Bugling in the Wilderness: The Elk Rut

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Rocky Mountain National Park, Colorado.  The sights and sounds of autumn – changing leaves, cooling weather, pumpkins and Indian corn.  And… the bugling of elk.  Each year around the autumnal equinox, elk (Cervus canadensis) of the Rockies come down from their high altitude summer feeding grounds and swarm into the low elevation areas of Rocky Mountain National Park, including into the nearby resort town of Estes Park.

The elk gather here at this time for one reason – to get it on.  Females form large herds, which include last year’s young, while the males strut around between and amidst herds, letting everyone in sight (and sound) know how bad ass they are.  Aside from their macho strut and impressive racks of antlers, they do this by bugling.  Bellowing day and night, they let local females know just how damn sexy they are, while at the same time giving the word for other males to back off.  Typically, most of the other males have the exact same idea, so they don’t in fact back off. This leads to one of the most spectacular displays of the elk rut – fighting amongst the males.  Threatening, bluffing, charging and finally bashing their antler-crowned heads together in terrific clashes, the male elk work it out the old fashioned way as to who’s the king of the herds.  It’s “The Bachorlette” for giant deer, and it’s something to see if you haven’t had the opportunity to witness it yourself.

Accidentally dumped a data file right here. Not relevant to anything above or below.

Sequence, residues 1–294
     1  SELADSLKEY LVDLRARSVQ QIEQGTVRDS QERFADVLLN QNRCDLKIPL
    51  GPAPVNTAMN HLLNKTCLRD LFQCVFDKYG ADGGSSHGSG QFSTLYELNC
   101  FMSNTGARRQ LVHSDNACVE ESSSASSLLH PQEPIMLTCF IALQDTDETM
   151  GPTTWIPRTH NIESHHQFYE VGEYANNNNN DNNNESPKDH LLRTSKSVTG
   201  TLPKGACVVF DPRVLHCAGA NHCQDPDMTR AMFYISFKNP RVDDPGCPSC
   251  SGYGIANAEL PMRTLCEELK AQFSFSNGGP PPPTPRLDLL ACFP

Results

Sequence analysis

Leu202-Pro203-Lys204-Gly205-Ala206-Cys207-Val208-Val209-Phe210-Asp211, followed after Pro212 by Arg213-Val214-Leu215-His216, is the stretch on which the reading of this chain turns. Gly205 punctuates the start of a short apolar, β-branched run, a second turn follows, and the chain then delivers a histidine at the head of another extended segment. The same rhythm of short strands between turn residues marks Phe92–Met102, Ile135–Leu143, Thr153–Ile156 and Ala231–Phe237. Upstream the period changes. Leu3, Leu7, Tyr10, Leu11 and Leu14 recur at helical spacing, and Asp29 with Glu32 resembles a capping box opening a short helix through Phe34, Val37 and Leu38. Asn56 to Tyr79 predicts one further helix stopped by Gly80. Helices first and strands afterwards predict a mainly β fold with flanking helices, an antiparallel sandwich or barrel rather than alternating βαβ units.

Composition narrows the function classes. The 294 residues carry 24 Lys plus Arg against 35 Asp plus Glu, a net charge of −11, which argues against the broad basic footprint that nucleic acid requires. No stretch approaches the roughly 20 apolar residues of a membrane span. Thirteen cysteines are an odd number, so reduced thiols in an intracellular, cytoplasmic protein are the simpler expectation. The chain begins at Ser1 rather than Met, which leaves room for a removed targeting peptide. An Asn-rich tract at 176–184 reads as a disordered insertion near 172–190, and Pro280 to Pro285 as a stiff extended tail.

Here’s a short clip of elk bugling I took two seasons ago.  The park and surrounds are highly accessible from the Denver area, making visits to this wilderness easy.  You can use Gogobot to ask for the best places to stay, eat and visit in Rocky Mountain National Park and the Estes Park resort area, and be sure to plan your trip in late September to early October.

Rocky Mountain National Park

Rocky Mountain National Park. Photo: Arlo


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